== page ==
In vivo human head MRI at 10.5T: A radiofrequency safety study and preliminary imaging results

Our PhD student Alireza Sadeghi‐Tarakameh, Prof. Dr. Ergin Atalar and our PhD alumni Yiğitcan Eryaman published a paper titled “In vivo human head MRI at 10.5T: A radiofrequency safety study and preliminary imaging results" with Lance DelaBarre, Russell L. Lagore, Angel Torrado‐Carvajal, Xiaoping Wu, Andrea Grant, Gregor Adriany, Gregory J. Metzger, Pierre-Francois Van de Moortele, and Kamil Ugurbil in Magnetic Resonance in Medicine.

Abstract

PURPOSE:

The purpose of this study is to safely acquire the first human head images at 10.5T.

METHODS:

To ensure safety of subjects, we validated the electromagnetic simula-tion model of our coil. We obtained quantitative agreement between simulated and experimental B1+ and specific absorption rate (SAR). Using the validated coil model, we calculated radiofrequency power levels to safely image human subjects. We con-ducted all experiments and imaging sessions in a controlled radiofrequency safety lab and the whole-body 10.5T scanner in the Center for Magnetic Resonance Research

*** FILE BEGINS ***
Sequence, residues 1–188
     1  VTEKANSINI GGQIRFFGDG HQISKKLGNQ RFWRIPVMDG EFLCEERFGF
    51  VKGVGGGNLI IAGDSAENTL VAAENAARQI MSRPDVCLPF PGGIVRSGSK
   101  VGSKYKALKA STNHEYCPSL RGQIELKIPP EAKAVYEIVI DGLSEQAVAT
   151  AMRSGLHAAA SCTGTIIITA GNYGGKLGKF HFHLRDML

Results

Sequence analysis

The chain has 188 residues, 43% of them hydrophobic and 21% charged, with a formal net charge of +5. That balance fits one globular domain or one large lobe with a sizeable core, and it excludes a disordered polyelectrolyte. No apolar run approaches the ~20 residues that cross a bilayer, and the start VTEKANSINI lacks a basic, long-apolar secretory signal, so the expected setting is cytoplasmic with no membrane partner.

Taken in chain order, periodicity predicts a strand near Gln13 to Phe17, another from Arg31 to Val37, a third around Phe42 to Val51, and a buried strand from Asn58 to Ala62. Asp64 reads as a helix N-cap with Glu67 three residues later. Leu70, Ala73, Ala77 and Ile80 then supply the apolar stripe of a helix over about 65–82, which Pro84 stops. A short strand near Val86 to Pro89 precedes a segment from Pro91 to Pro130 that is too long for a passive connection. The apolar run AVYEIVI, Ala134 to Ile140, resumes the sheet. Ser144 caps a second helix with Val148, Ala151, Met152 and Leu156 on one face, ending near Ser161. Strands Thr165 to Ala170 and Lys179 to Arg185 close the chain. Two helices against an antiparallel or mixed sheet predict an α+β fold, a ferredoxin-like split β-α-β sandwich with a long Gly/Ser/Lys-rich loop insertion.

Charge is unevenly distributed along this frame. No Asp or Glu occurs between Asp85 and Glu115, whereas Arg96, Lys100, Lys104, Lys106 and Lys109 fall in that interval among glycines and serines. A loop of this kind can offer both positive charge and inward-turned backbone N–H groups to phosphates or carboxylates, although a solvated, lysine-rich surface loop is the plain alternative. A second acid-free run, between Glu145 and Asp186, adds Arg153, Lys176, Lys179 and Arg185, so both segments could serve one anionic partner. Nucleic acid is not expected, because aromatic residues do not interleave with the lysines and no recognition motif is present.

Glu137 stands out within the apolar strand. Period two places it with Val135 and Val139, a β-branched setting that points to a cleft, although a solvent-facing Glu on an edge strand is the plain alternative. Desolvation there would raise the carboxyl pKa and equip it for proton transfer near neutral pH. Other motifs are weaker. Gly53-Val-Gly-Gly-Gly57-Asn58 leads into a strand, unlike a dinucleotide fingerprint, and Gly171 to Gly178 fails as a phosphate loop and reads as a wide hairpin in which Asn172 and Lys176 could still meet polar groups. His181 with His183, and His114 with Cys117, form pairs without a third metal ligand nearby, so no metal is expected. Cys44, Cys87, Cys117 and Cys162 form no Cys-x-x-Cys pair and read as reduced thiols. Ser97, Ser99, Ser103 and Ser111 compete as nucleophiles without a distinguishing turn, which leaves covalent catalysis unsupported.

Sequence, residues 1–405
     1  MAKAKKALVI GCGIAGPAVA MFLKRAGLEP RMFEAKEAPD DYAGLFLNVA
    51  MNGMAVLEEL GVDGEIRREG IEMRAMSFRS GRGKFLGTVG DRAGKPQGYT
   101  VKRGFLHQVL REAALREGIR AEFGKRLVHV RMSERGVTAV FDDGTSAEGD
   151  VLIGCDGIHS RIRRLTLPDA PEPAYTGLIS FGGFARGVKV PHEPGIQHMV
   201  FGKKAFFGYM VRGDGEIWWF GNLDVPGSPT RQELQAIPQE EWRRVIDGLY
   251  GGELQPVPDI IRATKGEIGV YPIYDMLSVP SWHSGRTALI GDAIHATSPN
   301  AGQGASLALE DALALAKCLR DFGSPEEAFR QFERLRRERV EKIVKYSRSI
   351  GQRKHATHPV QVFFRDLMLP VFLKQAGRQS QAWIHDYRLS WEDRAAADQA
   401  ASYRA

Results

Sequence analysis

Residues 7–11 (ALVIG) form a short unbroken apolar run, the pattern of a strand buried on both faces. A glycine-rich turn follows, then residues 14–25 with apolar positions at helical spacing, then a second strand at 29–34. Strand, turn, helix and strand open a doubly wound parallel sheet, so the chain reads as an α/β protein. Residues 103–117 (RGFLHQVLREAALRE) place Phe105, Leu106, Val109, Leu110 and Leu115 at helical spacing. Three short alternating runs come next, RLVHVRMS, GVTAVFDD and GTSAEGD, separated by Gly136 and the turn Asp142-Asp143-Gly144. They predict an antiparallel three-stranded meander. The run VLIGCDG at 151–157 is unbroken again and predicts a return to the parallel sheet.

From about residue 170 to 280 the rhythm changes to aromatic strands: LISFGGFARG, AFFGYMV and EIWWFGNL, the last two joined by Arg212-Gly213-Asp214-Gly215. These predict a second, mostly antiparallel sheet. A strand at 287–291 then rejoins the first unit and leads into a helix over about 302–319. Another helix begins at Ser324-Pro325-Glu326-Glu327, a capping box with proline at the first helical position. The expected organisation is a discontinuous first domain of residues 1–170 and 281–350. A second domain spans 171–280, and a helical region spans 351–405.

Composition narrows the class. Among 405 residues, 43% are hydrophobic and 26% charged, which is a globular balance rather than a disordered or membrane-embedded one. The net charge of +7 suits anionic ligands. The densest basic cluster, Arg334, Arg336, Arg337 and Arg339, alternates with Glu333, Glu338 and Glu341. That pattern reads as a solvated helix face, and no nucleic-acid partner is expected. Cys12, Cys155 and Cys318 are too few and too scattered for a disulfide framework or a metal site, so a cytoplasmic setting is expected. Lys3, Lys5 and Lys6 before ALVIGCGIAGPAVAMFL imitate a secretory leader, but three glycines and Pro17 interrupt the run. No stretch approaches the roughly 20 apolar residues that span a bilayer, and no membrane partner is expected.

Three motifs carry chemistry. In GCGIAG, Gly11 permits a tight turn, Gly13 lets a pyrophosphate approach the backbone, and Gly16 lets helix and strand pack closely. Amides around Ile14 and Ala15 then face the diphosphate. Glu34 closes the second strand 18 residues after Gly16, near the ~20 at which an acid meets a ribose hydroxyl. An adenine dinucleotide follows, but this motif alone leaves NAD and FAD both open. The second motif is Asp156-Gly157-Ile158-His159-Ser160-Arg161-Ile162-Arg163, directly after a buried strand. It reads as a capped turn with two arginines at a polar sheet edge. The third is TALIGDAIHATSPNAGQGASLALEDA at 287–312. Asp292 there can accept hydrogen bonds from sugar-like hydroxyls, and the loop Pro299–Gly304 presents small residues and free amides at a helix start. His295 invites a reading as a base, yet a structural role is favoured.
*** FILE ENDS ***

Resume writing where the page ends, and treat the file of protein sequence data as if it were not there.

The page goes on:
RESULTS:

Quantitative agreement between the simulated and experimental results was obtained including S-parameters, B+1 maps, and SAR. We calculated peak 10 g average SAR using 4 different realistic human body models for a quadrature excita-tion and demonstrated that the peak 10 g SAR variation between subjects was less than 30%. We calculated safe power limits based on this set and used those limits to acquire T2- and T∗2-weighted images of human subjects at 10.5T.

CONCLUSIONS:

In this study, we acquired the first in vivo human head images at 10.5T using an 8-channel transmit/receive coil. We implemented and expanded a previously proposed workflow to validate the electromagnetic simulation model of the 8-channel transmit/receive coil. Using the validated coil model, we calculated radiofrequency power levels to safely image human subjects.

MAGNETIC RESONANCE IN MEDICINE

DOI: 10.1002/mrm.28093

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